Per a prescription order, a formulation can be compounded to contain the proper combination of active ingredients, in the most appropriate base, to treat a specific type of wound. We customize medications to meet each individual’s specific needs. For example, the choice of cream, ointment, or gel can be clinically significant. Each time a wound needs to be cleaned, there is the potential for disruption of new tissue growth. Gels, which are more water soluble than creams or ointments, may be preferable for wound use because a gel can be rinsed from the wound by irrigation. Ointments may contain polyethylene glycol (PEG), which can be absorbed from open wounds and damaged skin. If the wound is quite large and too much PEG is absorbed, it can lead to renal toxicity. Another useful dosage form is the €œpolyox bandage – which can be puffed onto a wound and will adhere even if exudate is present. A polyox bandage can be compounded to contain the active ingredient(s) of your choice.

Decubitus Ulcers

Phenytoin has been used topically to speed the healing of decubitus ulcers, pressure sores, venous stasis and diabetic ulcers, traumatic wounds, skin autograft donor sites, and burns. Ketoprofen may be used to control inflammation and pain, lidocaine provides topical anesthesia, and pentoxifylline may improve microcirculation at the wound margins and promote healing of the injured area. Misoprostol, a prostaglandin analog, is often included in wound care formulations to promote healing. Debridement of necrotic eschar with 40% urea paste may also speed healing. Medications which improve capillary blood flow can be added to a compounded medication to enhance circulation at the wound margins and promote healing of the injured area.

Topical Phenytoin for Wound Healing

Phenytoin may promote wound healing by a number of mechanisms, including stimulation of fibroblast proliferation, facilitation of collagen deposition, glucocorticoid antagonism, and antibacterial activity. Rhodes et al compared the healing of stage II decubitus ulcers with topically applied phenytoin and two other standard topical treatment procedures in 47 patients in a long-term care setting. Ulcers were examined for the presence of healthy granulation tissue, reduction in surface dimensions, and time to healing. Topical phenytoin therapy resulted in a shorter time to complete healing and formation of granulation tissue when compared with DuoDerm dressings or triple antibiotic ointment applications. The mean time to healing in the phenytoin group was 35.3 +/- 14.3 days compared with 51.8 +/- 19.6 and 53.8 +/- 8.5 days for the DuoDerm and triple antibiotic ointment groups, respectively. Healthy granulation tissue in the phenytoin group appeared within 2 to 7 days in all subjects, compared to 6 to 21 days in the standard treatment groups. The phenytoin-treated group showed no detectable serum phenytoin concentrations.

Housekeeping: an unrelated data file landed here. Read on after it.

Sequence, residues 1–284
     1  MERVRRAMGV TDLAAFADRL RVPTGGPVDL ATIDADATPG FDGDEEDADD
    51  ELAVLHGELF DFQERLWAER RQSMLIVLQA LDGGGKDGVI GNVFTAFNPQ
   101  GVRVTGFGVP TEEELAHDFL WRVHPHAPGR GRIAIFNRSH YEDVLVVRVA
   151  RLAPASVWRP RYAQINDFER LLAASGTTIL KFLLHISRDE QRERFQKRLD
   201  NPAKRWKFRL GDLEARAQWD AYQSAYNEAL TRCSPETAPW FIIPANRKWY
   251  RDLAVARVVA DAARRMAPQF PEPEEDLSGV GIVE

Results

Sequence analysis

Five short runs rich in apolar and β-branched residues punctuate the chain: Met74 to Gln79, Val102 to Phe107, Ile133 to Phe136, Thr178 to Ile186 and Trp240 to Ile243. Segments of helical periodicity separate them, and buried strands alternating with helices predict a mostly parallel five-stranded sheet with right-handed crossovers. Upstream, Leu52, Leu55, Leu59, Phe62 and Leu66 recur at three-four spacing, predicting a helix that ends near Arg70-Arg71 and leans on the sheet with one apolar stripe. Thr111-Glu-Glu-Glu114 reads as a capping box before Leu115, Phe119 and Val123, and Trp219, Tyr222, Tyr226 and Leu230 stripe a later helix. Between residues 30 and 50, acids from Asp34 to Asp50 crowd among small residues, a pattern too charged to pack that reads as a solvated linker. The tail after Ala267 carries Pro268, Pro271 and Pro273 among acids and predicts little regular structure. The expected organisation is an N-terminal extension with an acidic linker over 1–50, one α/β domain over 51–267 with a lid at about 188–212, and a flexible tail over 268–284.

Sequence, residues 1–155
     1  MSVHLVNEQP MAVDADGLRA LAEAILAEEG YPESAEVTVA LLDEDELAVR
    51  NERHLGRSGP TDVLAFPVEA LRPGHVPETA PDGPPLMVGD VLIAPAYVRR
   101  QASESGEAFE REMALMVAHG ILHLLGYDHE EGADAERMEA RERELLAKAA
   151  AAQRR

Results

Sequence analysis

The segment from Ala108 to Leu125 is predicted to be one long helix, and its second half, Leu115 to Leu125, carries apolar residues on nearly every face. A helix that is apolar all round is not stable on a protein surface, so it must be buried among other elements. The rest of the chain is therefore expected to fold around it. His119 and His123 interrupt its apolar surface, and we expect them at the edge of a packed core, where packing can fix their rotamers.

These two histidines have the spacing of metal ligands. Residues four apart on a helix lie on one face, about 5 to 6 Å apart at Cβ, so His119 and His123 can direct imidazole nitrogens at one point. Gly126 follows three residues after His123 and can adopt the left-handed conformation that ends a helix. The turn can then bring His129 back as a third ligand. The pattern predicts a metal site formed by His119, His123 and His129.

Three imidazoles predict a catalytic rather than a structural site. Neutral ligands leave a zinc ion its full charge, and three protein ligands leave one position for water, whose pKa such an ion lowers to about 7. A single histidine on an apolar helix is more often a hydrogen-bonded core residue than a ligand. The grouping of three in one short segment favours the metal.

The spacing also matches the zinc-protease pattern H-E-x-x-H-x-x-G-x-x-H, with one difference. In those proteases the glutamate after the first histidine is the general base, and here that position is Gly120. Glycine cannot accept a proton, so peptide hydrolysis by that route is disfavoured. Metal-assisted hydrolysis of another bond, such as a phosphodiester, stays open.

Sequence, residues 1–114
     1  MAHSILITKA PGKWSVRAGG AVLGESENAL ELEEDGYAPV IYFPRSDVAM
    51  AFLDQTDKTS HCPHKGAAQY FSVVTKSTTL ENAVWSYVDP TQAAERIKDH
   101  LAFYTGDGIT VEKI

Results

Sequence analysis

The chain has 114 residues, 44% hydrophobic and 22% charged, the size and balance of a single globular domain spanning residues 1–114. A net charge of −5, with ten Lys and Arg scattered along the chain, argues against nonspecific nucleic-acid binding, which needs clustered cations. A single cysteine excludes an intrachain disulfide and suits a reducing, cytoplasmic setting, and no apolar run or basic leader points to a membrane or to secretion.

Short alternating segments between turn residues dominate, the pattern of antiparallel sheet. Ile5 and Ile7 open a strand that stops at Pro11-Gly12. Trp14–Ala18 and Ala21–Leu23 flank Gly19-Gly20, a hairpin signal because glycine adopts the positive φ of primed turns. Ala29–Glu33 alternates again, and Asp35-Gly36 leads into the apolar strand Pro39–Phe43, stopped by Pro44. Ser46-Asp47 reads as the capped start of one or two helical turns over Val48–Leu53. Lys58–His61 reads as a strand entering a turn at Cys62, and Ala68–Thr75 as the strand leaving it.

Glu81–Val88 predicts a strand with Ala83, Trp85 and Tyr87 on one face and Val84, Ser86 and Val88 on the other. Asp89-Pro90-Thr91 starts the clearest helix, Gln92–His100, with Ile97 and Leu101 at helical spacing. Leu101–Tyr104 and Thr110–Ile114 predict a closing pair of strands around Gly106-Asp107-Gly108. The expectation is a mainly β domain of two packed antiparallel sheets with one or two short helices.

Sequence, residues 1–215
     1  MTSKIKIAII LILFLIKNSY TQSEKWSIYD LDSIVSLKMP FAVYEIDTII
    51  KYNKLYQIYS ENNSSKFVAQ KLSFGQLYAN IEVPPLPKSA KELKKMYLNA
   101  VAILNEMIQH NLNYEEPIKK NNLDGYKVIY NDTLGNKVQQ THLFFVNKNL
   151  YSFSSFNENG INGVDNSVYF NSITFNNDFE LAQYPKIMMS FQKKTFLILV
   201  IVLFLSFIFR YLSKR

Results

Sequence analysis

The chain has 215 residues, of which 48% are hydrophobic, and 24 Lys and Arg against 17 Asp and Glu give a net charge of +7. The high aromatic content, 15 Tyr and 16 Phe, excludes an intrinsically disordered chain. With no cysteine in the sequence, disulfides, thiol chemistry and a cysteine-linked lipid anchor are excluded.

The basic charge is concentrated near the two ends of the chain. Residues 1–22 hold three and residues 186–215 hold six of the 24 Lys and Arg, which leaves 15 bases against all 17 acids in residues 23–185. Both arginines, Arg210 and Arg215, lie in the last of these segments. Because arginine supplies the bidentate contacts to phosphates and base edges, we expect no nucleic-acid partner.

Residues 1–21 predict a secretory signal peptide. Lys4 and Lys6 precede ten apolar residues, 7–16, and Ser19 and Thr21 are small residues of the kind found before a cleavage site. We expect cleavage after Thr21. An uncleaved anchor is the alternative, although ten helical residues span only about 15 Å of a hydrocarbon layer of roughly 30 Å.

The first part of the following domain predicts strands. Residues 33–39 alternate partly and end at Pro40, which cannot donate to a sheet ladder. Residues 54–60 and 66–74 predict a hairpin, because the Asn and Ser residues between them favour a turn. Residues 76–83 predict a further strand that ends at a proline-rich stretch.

Anstead et al. described a patient with a massive grade IV pressure ulcer that was unresponsive to conventional treatment, yet responded rapidly to treatment with topical phenytoin. Song and Cheng reported phenytoin improved wound breaking strength in normal and radiation-impaired wounds. The results of their study indicated that topical phenytoin accelerated normal and irradiation-impaired wound healing by increasing the number of wound macrophages and improving the macrophage function. Pendse et al evaluated the effectiveness of topical phenytoin in healing chronic skin ulcers in a controlled trial of 75 inpatients. At the end of the fourth week, 29 of 40 phenytoin-treated ulcers had healed completely versus 10 of 35 controls. They concluded: “topical phenytoin appears to be an effective, inexpensive, and widely available therapeutic agent in wound healing.”

The effectiveness of topical phenytoin as a wound healing agent was compared with that of OpSite and a conventional topical antibiotic dressing (Soframycin) in a controlled study of 60 patients with partial-thickness skin autograft donor sites on the lower extremities. Mean pain scores were lower and mean time to complete healing (complete epithelialization) was best in the phenytoin-treated group (6.2 +/- 1.6 days). Topical phenytoin compared very favorably with, and in some aspects was superior to, occlusive dressings.

No study reported any significant adverse effects secondary to topical phenytoin therapy.

Phenytoin references:

Ann Pharmacother 2001 Jun;35(6):675-81
Click here to access the PubMed abstract of this article.

Biochem Pharmacol 1999 May 15;57(10):1085-94
Click here to access the PubMed abstract of this article.

Ann Pharmacother 1996 Jul-Aug;30(7-8):768-75
Click here to access the PubMed abstract of this article.

Int J Dermatol 1993 Mar;32(3):214-7
Click here to access the PubMed abstract of this article.

Chung Hua I Hsueh Tsa Chih 1997 Jan;77(1):54-7
Click here to access the PubMed abstract of this article.

Burns 1993 Aug;19(4):306-10
Click here to access the PubMed abstract of this article.

Diabetes Care 1991 Oct;14(10):909-11

Benzoyl Peroxide for Treatment of Decubitus Ulcers